We had started to do a little window shopping which is much easier to do in Kuşadası in January than during tourist season, and bought a pair of combat pants, before we were called by the agent to let us know he had returned from lunch. We met, had some questions answered, talked a little about the various schemes, made some decisions. The only documentation requested was Residence Permits and we were asked for kimlik numbers, all of which we thoughtfully had to hand. We had some forms filled out, drank more tea, paid some money, and walked out with health insurance for both of us.

Customer Service

We did a lot of business in Turkey today in Kuşadasi and in Selçuk.  We encountered banks and other professionals.  It’s quite different from doing business in the UK.  For a start, we have not made appointments; we’ve just wandered in and taken our chances.  This has led to waiting around in air conditioned offices whilst the staff deal with people who came in before us.  When the wait is long we have been offered çay, coffee and water.

We’ve achieved quite a lot with the banks in terms of organising our money.  I can access my Turkish accounts on the Internet which, being who I am, I find very reassuring.  The process, however, took up most of today.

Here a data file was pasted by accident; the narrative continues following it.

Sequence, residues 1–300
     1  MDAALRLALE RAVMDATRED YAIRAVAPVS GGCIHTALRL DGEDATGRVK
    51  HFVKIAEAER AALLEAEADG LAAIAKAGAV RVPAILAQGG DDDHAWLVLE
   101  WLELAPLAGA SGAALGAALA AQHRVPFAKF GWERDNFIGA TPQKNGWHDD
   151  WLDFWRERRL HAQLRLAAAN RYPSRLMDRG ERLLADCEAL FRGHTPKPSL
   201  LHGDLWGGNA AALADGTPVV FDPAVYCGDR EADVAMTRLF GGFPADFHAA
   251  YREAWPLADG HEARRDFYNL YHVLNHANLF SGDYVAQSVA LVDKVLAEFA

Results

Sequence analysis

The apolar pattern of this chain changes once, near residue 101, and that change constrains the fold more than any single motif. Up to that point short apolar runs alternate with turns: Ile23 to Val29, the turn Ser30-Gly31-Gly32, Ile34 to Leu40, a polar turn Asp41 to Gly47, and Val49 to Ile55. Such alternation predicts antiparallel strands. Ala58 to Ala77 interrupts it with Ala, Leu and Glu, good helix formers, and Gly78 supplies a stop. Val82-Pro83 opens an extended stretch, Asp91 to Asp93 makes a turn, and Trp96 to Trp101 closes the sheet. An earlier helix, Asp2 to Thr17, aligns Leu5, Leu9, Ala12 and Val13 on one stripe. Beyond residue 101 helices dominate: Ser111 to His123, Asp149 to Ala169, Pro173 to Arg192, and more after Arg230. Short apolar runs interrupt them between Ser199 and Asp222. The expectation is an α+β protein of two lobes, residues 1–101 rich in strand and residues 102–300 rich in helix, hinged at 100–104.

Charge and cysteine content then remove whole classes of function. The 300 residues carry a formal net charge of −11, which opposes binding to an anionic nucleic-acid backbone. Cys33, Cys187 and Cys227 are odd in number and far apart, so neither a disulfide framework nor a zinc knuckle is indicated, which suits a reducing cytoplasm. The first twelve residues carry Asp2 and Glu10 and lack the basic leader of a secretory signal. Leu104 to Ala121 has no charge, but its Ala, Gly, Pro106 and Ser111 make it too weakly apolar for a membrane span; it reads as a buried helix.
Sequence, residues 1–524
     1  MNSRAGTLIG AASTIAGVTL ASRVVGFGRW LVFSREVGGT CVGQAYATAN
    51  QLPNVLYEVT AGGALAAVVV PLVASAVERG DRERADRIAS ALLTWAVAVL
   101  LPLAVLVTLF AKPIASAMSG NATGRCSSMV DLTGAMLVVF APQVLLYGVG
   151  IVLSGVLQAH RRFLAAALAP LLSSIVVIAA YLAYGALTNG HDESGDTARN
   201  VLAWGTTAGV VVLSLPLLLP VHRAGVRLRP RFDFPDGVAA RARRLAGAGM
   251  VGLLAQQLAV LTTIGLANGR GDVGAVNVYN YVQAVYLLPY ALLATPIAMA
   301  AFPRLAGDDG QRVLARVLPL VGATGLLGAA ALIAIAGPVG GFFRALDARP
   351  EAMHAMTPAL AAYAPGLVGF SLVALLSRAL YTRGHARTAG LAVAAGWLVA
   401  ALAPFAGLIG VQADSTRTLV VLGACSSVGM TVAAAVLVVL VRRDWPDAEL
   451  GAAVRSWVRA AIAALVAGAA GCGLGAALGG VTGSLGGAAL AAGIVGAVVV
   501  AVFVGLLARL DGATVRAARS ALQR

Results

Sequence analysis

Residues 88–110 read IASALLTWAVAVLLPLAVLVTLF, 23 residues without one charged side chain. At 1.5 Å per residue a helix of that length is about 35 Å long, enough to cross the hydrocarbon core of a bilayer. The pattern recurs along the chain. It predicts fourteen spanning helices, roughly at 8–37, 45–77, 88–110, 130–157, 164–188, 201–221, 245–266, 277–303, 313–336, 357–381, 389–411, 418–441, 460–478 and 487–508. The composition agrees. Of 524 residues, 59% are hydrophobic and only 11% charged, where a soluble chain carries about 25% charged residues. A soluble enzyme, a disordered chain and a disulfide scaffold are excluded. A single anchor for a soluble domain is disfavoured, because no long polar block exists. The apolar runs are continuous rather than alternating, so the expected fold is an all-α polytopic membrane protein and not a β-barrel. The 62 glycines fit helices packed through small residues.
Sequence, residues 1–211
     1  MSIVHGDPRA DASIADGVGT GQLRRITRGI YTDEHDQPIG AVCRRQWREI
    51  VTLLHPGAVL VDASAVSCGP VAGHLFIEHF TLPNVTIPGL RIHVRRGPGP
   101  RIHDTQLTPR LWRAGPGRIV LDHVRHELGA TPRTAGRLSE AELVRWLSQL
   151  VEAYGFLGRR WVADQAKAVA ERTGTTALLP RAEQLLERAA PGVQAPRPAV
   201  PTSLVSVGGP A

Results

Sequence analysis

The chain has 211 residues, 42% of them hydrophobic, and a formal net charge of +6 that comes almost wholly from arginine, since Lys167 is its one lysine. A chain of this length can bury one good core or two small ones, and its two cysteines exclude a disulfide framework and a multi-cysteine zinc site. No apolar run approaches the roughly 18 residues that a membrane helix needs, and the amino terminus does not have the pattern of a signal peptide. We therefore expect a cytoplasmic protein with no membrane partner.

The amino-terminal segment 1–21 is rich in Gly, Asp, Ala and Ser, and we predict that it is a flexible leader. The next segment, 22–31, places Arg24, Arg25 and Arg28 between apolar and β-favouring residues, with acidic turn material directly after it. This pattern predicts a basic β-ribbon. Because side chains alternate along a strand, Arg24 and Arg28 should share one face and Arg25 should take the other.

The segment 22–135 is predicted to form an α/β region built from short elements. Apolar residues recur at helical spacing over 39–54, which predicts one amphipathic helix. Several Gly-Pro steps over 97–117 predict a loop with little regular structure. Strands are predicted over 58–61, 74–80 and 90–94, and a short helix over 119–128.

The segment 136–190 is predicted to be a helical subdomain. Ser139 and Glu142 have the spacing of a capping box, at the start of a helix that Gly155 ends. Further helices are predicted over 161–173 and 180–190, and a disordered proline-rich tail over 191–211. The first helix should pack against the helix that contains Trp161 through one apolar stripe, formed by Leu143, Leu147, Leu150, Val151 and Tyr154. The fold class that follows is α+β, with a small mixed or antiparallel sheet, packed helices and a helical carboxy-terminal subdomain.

The people who have dealt with us (in English) have been quite delightful and, probably irrelevantly, very attractive.  They work incredibly hard.  The lady who helps us here in Selçuk told me I could phone her any time up till 19:00.  I am sure she works at least a twelve hour day, yet she is always helpful.  When I thanked the lady who helps us at the Kuşadasi bank she told me she was just doing her job.  They smile at us, they recognise us, they make us feel like individually valued customers.  Occasionally I have come across that in the UK (the chap at the bank in Paddington who helped me set up the Turkish account for instance) but those people are the exceptions.  Here they seem to be the rule.  The minimal contacts we have had with officialdom have gone much the same way.  The men in the passport office in Kuşadasi were extremely helpful and put straight the problems with the dates not having printed on the visas in our passports.  We were sent to the café to wait as opposed to being offered tea, but it was a very interesting place to sit.

Ashley thinks that the fact that I try to speak a little Turkish helps a lot.  I think it does help a bit.  Security guards soften a little when I try to explain why we need to go to a particular place.  People smile when I say something ‘unexpected’ even if it’s only ‘problem yok’ or ‘çok zor’ when they try to pronounce my name.  It does, of course, remain to be seen how things will go in Izmir when we go for our residents permits next week.

I think it’s a very different work ethic.  And different again from the kind of work we see going on around us in our street.  We understand that we have to wait…  We don’t like to move quickly in this hammering heat and I’m sure people who work 12 hour days don’t like to move too quickly either – even in the air conditioned offices.  The pace of life is slower and there is more time for the niceties.  I can understand that some people find this very frustrating but I go to these places expecting to have to wait and, nearly always, I wait less time than I had anticipated.